The U.S. Treasury Department has been signing agreements to share information with the tax authorities in other countries about the holdings of U.S. citizens, as well as citizens of other countries. It's all part of an effort to combat offshore tax evasion and implement the Foreign Account Tax Compliance Act, also known as FATCA. Last month, the U.S. signed such an agreement with Switzerland, on the heels of striking similar deals with the United Kingdom, Denmark, Mexico and Ireland (see U.S. Signs Tax Compliance Agreement with Switzerland). The federal government is in talks with more than 50 countries about setting up such intergovernmental agreements.
The effort to combat international tax evasion is one that the Organization for Economic Cooperation and Development has been spearheading for years, with the OECD pressuring countries that have long enjoyed reputations as tax havens into becoming more transparent to outside tax authorities (see Global Governments are Getting Hungrier). While much of the effort to date has focused on individual tax compliance, revenue-starved governments in Europe are increasingly looking to corporate taxpayers to help replenish their coffers, targeting multinationals such as Starbucks, Google and Amazon that use transfer pricing and profit shifting strategies to lower their corporate tax bills.
Europe is also pushing ahead a proposed financial transaction tax that could have a wide-ranging impact on the U.S. markets. Germany and 10 other nations want to impose a tax of 0.1 percent on stock and bond trades, and 0.01 percent on derivatives transactions, hoping to collect an estimated $50 billion a year. Not only would trades in European securities or on the European markets be taxed, but any trades with a European financial institution would also be taxed, forcing the U.S. markets to levy the tax wherever the transaction occurred.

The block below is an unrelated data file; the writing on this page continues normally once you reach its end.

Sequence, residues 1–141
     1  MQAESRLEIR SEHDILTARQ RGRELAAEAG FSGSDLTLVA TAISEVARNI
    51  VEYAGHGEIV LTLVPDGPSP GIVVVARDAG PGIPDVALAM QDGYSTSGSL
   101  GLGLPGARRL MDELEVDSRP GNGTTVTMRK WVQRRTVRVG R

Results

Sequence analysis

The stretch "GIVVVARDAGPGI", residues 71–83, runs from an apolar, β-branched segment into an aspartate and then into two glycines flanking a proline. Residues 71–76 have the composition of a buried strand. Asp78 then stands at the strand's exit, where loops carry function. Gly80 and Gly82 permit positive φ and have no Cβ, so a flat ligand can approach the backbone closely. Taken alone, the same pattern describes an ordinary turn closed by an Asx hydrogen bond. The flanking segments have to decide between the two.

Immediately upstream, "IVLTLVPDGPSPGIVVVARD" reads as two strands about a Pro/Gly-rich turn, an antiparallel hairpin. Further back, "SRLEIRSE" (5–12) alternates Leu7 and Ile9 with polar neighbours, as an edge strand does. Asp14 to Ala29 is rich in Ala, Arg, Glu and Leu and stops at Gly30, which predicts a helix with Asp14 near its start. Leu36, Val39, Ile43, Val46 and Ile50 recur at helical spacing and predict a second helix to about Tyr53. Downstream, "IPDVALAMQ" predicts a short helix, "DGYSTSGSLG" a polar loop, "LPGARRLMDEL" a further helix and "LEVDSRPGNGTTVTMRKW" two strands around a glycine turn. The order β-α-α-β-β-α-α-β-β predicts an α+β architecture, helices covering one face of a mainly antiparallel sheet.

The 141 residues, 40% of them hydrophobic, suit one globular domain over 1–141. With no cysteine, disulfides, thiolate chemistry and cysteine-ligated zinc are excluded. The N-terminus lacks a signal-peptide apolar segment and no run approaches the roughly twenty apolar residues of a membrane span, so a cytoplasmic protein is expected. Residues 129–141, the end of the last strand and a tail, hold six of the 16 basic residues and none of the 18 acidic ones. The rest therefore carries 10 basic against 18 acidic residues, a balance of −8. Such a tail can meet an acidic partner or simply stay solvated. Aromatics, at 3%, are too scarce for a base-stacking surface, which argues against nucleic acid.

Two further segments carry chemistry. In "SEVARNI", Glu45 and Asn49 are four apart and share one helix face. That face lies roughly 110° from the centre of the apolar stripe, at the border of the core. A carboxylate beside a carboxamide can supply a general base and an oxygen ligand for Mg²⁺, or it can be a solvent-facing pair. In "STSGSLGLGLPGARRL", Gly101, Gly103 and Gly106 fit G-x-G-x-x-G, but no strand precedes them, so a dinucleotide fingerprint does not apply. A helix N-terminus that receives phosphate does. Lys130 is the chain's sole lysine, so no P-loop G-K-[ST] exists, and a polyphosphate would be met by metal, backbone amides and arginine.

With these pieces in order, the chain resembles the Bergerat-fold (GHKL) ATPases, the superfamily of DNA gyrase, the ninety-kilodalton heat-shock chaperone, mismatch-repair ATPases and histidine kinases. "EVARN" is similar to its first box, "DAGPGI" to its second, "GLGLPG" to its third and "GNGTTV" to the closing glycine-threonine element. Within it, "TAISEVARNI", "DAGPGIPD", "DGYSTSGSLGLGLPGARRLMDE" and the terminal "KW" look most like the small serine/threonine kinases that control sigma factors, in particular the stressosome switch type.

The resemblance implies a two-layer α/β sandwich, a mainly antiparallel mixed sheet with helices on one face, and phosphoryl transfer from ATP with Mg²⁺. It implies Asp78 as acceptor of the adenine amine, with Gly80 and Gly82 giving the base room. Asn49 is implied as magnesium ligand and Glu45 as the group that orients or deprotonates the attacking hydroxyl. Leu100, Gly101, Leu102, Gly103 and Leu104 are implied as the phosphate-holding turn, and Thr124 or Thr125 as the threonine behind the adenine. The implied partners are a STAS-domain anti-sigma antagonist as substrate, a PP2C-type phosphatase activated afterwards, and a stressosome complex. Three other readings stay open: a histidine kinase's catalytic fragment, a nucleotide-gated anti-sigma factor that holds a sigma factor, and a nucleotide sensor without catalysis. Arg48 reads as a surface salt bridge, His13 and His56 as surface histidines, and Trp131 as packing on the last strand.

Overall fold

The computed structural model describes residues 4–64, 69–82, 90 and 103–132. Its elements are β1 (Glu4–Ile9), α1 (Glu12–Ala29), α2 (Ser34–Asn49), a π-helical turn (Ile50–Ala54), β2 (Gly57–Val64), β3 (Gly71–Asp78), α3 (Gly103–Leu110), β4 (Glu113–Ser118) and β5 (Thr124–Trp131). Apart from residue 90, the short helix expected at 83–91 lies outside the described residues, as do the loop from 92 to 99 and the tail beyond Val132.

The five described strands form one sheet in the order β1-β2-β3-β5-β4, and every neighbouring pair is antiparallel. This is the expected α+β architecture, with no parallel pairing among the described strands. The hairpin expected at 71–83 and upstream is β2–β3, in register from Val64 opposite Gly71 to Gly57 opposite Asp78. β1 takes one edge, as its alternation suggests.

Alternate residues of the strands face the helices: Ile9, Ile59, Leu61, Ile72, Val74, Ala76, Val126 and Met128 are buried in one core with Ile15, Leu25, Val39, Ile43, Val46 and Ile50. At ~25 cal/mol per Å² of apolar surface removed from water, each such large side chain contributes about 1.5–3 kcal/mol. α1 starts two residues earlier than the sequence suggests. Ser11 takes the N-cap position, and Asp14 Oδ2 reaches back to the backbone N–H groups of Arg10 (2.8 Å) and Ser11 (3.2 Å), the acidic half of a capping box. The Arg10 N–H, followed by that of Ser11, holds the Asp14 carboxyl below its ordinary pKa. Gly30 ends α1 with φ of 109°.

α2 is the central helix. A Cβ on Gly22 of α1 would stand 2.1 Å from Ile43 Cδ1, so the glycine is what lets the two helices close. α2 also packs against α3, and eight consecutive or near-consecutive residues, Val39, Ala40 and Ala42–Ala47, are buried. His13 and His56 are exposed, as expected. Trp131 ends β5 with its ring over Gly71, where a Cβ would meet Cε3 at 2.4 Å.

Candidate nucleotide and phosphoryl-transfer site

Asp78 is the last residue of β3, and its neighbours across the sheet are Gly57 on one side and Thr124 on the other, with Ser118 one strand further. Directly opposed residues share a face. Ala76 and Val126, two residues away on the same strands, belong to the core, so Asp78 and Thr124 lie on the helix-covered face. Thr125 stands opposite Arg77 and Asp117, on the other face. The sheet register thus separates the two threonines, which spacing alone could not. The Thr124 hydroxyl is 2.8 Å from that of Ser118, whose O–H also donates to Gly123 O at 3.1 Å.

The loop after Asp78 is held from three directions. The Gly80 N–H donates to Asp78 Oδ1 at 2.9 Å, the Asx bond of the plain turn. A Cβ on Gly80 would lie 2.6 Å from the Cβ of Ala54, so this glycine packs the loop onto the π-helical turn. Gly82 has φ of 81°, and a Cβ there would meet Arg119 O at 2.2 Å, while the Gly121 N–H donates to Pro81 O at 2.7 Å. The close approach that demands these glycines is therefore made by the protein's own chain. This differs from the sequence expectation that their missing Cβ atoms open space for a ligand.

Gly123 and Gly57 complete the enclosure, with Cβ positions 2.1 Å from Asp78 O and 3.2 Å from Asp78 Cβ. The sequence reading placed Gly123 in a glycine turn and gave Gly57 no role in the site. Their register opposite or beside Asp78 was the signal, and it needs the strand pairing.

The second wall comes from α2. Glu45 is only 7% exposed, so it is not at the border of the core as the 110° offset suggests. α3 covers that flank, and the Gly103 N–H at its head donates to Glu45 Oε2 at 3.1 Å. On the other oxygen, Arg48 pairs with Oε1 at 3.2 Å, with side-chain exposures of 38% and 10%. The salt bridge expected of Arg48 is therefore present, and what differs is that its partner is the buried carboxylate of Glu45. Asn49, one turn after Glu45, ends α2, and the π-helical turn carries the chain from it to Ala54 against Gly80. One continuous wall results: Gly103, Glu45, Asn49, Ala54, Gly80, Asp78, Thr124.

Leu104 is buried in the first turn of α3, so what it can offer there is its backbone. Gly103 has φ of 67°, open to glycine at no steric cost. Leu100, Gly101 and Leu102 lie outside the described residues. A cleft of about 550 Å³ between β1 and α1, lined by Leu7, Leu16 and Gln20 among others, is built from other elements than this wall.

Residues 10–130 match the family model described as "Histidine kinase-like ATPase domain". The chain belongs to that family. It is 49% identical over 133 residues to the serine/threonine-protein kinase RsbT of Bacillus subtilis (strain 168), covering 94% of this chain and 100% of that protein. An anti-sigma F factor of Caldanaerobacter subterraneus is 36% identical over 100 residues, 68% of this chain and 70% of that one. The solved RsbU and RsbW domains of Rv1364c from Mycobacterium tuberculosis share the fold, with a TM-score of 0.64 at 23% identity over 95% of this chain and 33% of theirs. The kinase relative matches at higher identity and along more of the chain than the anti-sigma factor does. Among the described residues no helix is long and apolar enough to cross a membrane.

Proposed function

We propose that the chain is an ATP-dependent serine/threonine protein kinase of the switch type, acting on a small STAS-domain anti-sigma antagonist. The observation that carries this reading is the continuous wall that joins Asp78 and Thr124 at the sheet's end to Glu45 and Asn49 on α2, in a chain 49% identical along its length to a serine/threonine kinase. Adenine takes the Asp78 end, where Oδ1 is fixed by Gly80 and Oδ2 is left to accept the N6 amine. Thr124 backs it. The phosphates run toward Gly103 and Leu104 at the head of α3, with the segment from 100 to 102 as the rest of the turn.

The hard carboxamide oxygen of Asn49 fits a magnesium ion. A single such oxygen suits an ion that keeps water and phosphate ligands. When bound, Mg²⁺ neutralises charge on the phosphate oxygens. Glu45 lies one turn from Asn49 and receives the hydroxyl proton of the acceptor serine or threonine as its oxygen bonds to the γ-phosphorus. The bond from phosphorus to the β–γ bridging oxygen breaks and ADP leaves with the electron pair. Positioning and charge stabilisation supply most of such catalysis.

A trio of Democratic senators, Tom Harkin, D-Iowa, Peter DeFazio, D-Ore., and Sheldon Whitehouse, D-R.I., also introduced a bill last week to tax financial transactions at a rate of 3 cents per hundred dollars. It’s estimated to generate $352 billion over the next 10 years, but is not expected to pass. However, the European proposal is making progress and could take effect next year.
Efforts at controlling climate change have led to the imposition of carbon taxes by some countries in Europe, such as Denmark, Finland and Sweden, as well as Australia, South Korea and several other countries. China is also considering imposing such a tax. So far, proposals for a carbon tax have made little headway in the U.S. The House managed to pass an energy bill in 2009 that would have set up a “cap and trade” emissions-trading scheme, but the bill died in the Senate.
Senators Barbara Boxer, D-Calif., and Bernie Sanders, I-Vt., introduced a climate change bill last week that would impose a fee of $20 per ton on polluters, but it would surely face opposition from many business groups. Still, with the Obama administration promising to do more to combat climate change, it may garner support or some of its provisions become part of a larger legislative package.
As governments around the world wrestle with issues such as climate change, low tax revenue and overheated financial markets, the trend toward increasing international cooperation on taxation appears inevitable.